Table of Contents:

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Chapter I
1.1 Have or Have Not
1.2 Changing Look of Rural America
1.3 Scope of the Report

Chapter II
2.1 Change in Rural America
2.2 Rural Demographics and Changing Structure of Towns
2.2.1 Employment Types of Jobs in Rural Areas Work Off the Farm
2.2.2 Characteristics of Rural Households Ethnicity Housing and Transportation Poverty
2.3 Telecommunications Demographics
2.3.1 Population Density
2.3.2 Revenue from Telco Customers: Economies of Density
2.3.3 Telephone, Computer, and Internet Usage

Chapter III
3.1 The Rural Plant
3.1.1 Carrier Switches and Loops
3.1.2 Broadband Infrastructure in Rural America Requirement for Advanced Services Requirement for Comparable Service Problems with Upgrading Rural Plants
3.2 The Challenge of Internet Connectivity
3.2.1 Extended Local Calling and Rural Area Networks
3.3 Broadband Technologies in Rural Regions
3.3.1 DSL
3.3.2 Cable
3.3.3 Fixed Wireless
3.3.4 Broadband Satellite
3.4 Telco Competition in Rural Areas
3.4.1 Urban ILECs versus Rural LECs
3.4.2 Internet Service Providers
3.4.3 Satellite Systems Targeting Rural Customers
3.5 Two Studies of Rural Broadband Services
3.5.1 NECA Survey of Broadband Services
3.5.2 Report on Rural Internet Connectivity Iowa Texas Louisiana and West Virginia Factors Preventing Connectivity

Chapter IV
4.1 Federal Funding of Telecom
4.1.1 Department of Agriculture Cooperative Extension Service Rural Utilities Service
4.1.2 Federal Communications Commission The High-Cost Fund Universal Service Fund
4.1.3 Departments of Commerce, Housing and Urban Development, and Education
4.1.4 Pending Federal Funding
4.2 State and City Funding
4.3 Alternative Sources of Funding

Chapter V
5.1 1996 Telecom Act
5.1.1 Section 251: Exemption of Rural Carriers from Interconnection
5.1.2 Section 253: Removal of Barriers to Entry
5.1.3 Section 254: Universal Service Sources of Funding for Universal Service Calculating the Cost of Universal Service Rural Task Force Schools, Libraries, and Rural Health Care Rural Health Care
5.1.4 Section 706: Advanced Services Findings of the Second Report

Chapter VI
6.1 Introduction
6.2 Agriculture
6.2.1 New Source of Knowledge
6.2.2 High-Tech Tools
6.3 E-Commerce
6.3.1 New Distribution Channel
6.3.2 Commodity Trading
6.3.3 Location of E-Commerce Businesses
6.4 Call Centers
6.5 Small Businesses
6.5.1 Broadband Applications Used by Small Businesses
6.6 Manufacturing
6.7 Health Care
6.7.1 Two Telemedicine Programs

Chapter VII
7.1 Objective of the Consumer Study
7.2 Survey Methodology
7.3 Survey Findings and Analysis
7.3.1 Switching Behaviors and Reasons
7.3.2 Telephone Service Expenditures
7.3.3 Local versus Long Distance Company Preference
7.3.4 Telephone Service Feature Usage
7.3.5 Working at Home Phenomenon
7.3.6 General Interest in Current Technologies
7.3.7 Connected to the Internet at Home
7.3.8 Demographics on Metro versus Non-Metro Respondents
7.4 Summary

Appendix A
A.1 Census Bureau's Definitions
A.1.1 Census Bureau's Definition of “Rural”
A.1.2 Census Bureau's Definition of “Urbanized Area”
A.1.3 Census Bureau's and OMB's Definition of “Metropolitan Area”
A.2 Alternative Definitions
A.2.1 Rural/Urban Continuum
A.2.2 Urban Influence Codes
A.2.3 Goldsmith Modification
A.2.4 County Typology Codes
A.2.5 Census Tracts

Appedix B
List of Questions

Appendix C
List of Terms


Chapter I
I-1 Switched Long Distance Provider in Past Two Years, 2000
I-2 Metro and Non-Metro Use of Telephone Features Available from Carrier, 2000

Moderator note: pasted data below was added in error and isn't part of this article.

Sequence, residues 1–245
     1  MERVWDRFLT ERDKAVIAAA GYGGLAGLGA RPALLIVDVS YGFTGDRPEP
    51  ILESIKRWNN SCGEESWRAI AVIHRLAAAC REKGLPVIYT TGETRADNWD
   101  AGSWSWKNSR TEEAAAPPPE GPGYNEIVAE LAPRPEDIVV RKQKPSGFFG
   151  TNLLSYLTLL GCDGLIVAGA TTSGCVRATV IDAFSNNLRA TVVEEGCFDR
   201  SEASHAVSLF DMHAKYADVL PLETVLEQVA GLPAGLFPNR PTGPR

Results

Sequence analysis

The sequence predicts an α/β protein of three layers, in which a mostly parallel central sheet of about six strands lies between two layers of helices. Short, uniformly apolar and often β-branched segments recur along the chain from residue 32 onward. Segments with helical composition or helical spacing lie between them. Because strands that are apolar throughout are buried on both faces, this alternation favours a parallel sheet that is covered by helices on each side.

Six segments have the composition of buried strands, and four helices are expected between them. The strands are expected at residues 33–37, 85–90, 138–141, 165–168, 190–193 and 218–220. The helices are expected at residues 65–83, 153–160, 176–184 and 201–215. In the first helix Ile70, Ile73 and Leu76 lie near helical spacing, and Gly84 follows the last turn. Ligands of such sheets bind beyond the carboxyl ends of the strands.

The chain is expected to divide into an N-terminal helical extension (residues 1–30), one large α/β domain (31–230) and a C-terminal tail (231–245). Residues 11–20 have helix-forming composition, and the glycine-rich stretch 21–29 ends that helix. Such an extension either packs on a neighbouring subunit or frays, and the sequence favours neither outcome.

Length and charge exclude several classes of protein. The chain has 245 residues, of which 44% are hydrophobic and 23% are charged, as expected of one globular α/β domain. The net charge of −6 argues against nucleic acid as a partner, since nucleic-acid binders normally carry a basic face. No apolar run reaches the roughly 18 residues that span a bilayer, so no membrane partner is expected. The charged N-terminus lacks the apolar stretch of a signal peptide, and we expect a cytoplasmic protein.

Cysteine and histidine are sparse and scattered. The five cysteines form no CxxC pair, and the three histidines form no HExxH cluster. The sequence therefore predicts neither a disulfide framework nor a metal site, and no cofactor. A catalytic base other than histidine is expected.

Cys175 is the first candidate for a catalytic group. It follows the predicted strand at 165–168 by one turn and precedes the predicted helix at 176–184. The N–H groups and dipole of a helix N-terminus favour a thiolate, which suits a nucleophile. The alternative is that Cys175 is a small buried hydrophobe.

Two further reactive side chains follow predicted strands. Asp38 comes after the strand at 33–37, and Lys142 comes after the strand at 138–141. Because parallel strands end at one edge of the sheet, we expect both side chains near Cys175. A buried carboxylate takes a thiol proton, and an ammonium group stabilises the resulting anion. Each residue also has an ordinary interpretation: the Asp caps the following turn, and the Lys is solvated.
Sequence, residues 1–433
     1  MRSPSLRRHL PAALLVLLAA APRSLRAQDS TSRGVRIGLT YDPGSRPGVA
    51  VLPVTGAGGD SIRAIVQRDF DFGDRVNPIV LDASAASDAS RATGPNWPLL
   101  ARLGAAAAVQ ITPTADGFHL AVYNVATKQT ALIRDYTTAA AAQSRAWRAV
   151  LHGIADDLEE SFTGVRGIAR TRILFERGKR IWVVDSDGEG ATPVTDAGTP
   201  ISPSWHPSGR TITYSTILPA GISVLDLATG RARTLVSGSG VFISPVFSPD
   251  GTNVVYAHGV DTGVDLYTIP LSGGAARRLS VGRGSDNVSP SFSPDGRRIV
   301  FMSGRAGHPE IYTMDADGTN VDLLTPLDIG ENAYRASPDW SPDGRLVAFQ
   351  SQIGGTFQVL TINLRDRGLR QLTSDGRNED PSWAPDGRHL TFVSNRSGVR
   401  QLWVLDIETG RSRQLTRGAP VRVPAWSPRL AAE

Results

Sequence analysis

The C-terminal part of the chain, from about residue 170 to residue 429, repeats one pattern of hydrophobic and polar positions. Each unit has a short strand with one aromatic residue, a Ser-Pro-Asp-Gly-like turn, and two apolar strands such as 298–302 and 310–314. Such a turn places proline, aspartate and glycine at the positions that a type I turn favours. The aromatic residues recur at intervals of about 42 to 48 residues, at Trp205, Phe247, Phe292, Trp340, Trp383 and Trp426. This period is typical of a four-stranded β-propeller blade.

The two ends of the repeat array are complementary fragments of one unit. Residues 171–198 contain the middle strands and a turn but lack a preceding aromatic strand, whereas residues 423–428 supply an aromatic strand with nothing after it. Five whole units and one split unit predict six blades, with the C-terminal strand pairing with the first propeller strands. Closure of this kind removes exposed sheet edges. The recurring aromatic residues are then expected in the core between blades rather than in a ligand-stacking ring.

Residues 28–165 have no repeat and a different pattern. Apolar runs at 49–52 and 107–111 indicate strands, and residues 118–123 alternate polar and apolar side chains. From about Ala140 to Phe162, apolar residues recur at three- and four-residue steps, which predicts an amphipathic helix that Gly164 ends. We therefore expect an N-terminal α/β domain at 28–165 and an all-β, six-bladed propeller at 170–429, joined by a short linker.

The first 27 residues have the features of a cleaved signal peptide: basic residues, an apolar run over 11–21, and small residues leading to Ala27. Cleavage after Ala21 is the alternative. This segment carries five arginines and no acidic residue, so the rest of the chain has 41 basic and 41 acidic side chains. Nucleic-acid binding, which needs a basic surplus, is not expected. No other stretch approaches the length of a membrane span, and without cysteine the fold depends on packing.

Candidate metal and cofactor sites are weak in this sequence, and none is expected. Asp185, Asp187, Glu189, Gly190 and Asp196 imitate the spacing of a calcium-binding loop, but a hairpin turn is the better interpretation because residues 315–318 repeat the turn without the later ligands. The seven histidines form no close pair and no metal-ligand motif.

Chapter II
II-1 Sources of Income for Average Farm Operator Household, 1995
II-2 Percent of US Households with Internet Access, by Ethnicity and Location, 1998
II-3 US Rural and Urban Households with Telephones, 1998
II-4 Percent of Households with Computers, by Race, 1998
II-5 How E-Mail is Used in Urban and Rural Regions, 1998
II-6 Percentage of Schools with Internet Access, by Region, 1994-1999

Chapter III
III-1 Average Number of Lines per Switch and Loops per Sheath Mile in Rural Study Areas, 1993
III-2 Growth of Residential High-Speed Access Technologies, 1999-2004
III-3 Percentage of Towns of Varying Sizes Which Have Cable Access or Receive DSL Service from RBOCs (2000)
III-4 Number of Households Passed by High-Speed Cable Service, 1998-2005 (Millions)

Chapter VI
VI-1 Non-Metro US Counties Dependent on Manufacturing, 1989
VI-2 Number of US Telemedicine Programs, 1993-1998

Chapter VII
VII-1 Switched Long Distance Provider in Past Two Years, 2000
VII-2 Amount Spent on Residential Local Calls in a Typical Month, 2000
VII-3 Preferred Carrier for Long Distance and Local Telephone Service, 2000
VII-4 Telephone Features Currently Used in the Home, 2000
VII-5 Percentage Of Respondents Who Own These Technologies, 2000
VII-6 Demographics of Survey Respondents, 2000


Chapter II
II-1 Employment and Employment Change by Industry, 1986-2006
II-2 Employment Off the Farm, by Level of Education, 1994
II-3 Other Income Measures in Rural and Non-Rural Telco Service Areas, 1999
II-4 Racial Composition of Residents Living in Rural and Non-Rural Telco Service Areas, 1999
II-5 Rural Education by Ethnicity, 1999
II-6 Household Income in Rural and Non-Rural Telco Service Areas, 1999
II-7 Percent of Population of States Located in Rural and Non-Rural Telco Service Areas, 1999
II-8 Population Density in Rural and Non-Rural Telco Service Areas, 1999
II-9 Percent of Population Subscribing to High-Speed Services by Population Density

Chapter III
III-1 Rural Carrier Loops, 1999
III-2 Cost to Upgrade Rural Study Area Lines, 1999
III-3 Network Capabilities of NECA's Access Survey Respondents, 1999

Chapter V
V-1 Amount of E-Rate Discounts Available, 1997

Chapter VI
VI-1 Small Business Use of the Internet, 1998 and 2000

Chapter VII
VII-1 Telephone Features Currently Used in the Home, 2000
VII-2 Phone Features Planning To Buy, 2000
VII-3 Percentage Of Respondents Who Own These Technologies, 2000
VII-4 Items the Household Currently Owns or Uses, 2000
VII-5 Respondents' Ethnicity, 2000

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Copyright 2000 by The Insight Research Corporation. |